The UK has exceeded its target to increase coronavirus testing capacity to 200,000 a day by the end of May.
Some 205,634 tests were available on Saturday, the government confirmed.
Health Secretary Matt Hancock described it as “an important milestone on our journey to control the spread of the virus”.
It comes as another 113 people have died in the UK after testing positive for coronavirus.
It takes the total number of people who have died after testing positive to 38,489.
While capacity for testing is over 200,000, a little more than 115,000 tests were carried out in the 24 hours up to 09:00 BST on Sunday.
For several days, the government has been unable to give figures on the exact number of people who were tested.
The UK now has capacity for 40,000 antibody tests a day, the Department for Health and Social Care confirmed.
The tests, which determine whether someone has had the virus, are currently only available to health and care staff.
The capacity figure also includes tests being sent out to a random cross-section of society by statisticians, as well as those conducted on people actually displaying symptoms.
In early May, Prime Minister Boris Johnson said his “ambition” was to reach capacity to conduct 200,000 tests a day by the end of the month “and then go even higher”.
Do we have enough tests?
At the start of the coronavirus outbreak the UK’s limited testing capacity was soon overwhelmed by the number of new infections.
Lockdown had to quickly be imposed to stop the virus spreading and overwhelming the NHS.
Testing capacity has been ramped up significantly in recent weeks.
As of 29 May, 127,722 coronavirus tests were carried out. The bulk were community swab tests for people concerned about symptoms and wanting to know if they have the virus.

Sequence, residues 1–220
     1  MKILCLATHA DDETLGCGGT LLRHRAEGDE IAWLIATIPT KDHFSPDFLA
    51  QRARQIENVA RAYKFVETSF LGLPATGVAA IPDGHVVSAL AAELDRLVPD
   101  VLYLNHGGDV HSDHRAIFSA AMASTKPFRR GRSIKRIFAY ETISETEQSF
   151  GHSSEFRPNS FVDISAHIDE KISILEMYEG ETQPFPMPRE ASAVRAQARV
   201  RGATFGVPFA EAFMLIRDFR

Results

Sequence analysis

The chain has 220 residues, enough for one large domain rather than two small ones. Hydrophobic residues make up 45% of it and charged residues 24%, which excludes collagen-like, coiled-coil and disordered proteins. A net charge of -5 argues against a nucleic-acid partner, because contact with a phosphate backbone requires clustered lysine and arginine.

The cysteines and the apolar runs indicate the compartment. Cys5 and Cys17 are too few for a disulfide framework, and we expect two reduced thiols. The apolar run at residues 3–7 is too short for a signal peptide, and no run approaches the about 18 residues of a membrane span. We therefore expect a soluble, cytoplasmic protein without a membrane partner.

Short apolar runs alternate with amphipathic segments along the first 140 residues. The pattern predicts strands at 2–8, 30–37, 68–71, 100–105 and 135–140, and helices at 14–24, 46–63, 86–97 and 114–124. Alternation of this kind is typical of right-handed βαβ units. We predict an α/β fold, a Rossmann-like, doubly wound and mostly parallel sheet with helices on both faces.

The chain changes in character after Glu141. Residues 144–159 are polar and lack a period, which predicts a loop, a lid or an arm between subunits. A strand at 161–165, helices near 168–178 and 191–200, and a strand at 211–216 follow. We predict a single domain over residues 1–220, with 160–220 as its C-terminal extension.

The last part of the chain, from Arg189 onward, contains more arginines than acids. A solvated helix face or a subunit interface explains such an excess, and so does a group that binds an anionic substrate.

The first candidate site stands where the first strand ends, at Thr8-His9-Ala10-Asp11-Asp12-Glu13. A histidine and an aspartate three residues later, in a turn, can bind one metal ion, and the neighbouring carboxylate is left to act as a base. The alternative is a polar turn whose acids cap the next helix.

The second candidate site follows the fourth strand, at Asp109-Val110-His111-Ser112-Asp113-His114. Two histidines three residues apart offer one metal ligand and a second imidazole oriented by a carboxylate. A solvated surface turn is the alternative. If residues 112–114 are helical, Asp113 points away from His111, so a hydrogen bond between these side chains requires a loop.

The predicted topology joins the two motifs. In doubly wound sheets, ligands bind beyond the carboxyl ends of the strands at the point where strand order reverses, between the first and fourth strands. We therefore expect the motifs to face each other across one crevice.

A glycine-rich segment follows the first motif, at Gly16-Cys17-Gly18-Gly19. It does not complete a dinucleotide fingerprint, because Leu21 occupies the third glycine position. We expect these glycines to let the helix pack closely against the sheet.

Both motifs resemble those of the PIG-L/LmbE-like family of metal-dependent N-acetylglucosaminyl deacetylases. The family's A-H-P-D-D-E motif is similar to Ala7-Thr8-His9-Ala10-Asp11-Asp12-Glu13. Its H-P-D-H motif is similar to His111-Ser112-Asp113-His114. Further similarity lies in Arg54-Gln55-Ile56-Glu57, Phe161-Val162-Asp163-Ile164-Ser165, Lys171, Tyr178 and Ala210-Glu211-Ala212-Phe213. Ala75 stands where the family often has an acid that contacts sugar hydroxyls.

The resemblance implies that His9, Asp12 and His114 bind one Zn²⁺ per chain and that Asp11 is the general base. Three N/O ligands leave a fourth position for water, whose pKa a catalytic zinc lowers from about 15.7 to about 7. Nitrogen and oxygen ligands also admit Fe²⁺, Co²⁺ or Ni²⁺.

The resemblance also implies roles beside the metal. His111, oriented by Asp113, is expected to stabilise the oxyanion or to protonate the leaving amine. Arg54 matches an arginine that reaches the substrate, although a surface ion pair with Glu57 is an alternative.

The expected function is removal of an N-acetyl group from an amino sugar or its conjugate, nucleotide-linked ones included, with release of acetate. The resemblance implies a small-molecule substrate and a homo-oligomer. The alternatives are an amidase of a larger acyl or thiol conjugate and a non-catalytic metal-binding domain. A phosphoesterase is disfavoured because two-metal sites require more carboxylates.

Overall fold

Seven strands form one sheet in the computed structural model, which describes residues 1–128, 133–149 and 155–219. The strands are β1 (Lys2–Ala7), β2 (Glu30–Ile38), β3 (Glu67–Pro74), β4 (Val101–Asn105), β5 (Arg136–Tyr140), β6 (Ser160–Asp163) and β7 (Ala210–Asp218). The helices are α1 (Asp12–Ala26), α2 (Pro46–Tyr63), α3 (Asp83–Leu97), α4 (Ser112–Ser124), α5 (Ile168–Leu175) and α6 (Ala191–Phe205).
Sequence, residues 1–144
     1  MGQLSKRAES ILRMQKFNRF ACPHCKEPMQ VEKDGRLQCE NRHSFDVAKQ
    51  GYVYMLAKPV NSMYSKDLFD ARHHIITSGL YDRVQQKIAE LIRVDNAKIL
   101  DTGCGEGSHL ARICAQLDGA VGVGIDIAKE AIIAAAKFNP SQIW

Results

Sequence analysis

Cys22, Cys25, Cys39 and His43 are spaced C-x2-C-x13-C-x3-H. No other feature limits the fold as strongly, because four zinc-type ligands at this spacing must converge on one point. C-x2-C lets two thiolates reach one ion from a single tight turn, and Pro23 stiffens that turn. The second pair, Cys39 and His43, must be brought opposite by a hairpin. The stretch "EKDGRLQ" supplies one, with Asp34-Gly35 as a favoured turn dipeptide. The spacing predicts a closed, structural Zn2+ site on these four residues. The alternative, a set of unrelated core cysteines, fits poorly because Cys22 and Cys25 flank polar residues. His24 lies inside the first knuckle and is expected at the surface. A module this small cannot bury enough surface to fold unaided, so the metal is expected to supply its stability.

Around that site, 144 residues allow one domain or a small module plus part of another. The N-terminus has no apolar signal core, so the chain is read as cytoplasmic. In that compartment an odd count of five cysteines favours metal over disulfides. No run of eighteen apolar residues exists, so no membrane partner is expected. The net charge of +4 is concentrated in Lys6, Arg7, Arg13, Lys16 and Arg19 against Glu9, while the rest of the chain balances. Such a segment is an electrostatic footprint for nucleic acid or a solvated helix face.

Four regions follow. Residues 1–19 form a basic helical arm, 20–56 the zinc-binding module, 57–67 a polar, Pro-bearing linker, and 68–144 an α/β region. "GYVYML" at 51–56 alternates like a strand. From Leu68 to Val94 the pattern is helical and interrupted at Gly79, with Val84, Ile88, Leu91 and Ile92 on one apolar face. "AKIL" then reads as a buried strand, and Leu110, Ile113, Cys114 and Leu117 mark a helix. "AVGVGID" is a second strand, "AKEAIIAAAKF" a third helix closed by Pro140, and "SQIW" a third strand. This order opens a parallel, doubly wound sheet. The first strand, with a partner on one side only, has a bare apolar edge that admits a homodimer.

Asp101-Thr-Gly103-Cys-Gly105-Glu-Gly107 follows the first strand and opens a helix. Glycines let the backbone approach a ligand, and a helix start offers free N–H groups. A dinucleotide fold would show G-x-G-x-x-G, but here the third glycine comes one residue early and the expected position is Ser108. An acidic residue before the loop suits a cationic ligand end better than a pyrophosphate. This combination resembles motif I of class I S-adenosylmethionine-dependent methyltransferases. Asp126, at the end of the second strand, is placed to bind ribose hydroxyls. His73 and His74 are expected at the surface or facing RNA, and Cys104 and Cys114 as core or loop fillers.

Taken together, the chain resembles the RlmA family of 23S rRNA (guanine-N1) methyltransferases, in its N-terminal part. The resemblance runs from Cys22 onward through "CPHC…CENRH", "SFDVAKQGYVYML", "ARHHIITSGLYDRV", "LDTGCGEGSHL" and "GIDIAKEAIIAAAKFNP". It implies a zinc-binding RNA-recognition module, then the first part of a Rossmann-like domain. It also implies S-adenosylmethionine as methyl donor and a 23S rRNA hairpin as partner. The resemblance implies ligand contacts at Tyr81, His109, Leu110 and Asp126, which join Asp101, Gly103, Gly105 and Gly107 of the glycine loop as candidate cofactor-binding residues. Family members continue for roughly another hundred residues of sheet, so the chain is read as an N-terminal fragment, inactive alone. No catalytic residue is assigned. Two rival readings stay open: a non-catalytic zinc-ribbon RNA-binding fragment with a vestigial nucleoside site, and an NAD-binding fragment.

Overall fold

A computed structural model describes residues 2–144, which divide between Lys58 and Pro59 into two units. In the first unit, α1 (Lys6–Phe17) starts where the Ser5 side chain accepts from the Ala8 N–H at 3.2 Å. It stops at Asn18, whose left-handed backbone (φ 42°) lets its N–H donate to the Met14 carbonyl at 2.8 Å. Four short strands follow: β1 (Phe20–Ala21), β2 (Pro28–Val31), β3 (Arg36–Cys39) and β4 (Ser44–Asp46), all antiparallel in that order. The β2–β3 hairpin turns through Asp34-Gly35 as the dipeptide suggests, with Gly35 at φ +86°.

Although rates of the infection have decreased substantially with lockdown, the virus has not disappeared from society.
People can still catch it, and experts believe 8,000 a day in England currently are.
As lockdown eases, a new system called test and trace is being used to help keep the virus under control – identifying possible outbreaks.
Having enough tests on offer will be vital, as well as getting rapid results back so people can find out if they might have the virus and therefore need to stay at home to stop the spread.
Widespread testing forms a central part of the government’s strategy to control the virus.
England’s test and trace system, which kicked off on Thursday, aims to enable a move from blanket lockdown restrictions towards more targeted measures.
Meanwhile, Communities Secretary Robert Jenrick urged people who were shielding to “only do what you are comfortable with” as he confirmed that vulnerable people in England will be able to go outdoors again from Monday.
Speaking at the daily coronavirus briefing, he urged people to continue to follow the social distancing guidelines, acknowledging that some people “will be very cautious”.
He also said the government would now review the risks to the clinically extremely vulnerable as part of each review of the lockdown measures, with the next due on the week beginning 15 June.
Officials will consider the next steps of the shielding programme “more generally” beyond June 30, but Mr Jenrick insisted the advice would be “tightened” if “conditions become less favourable”.
The government in Wales has announced that outdoor exercise for people shielding will be unlimited from Monday, but the advice in Northern Ireland and Scotland has not yet changed.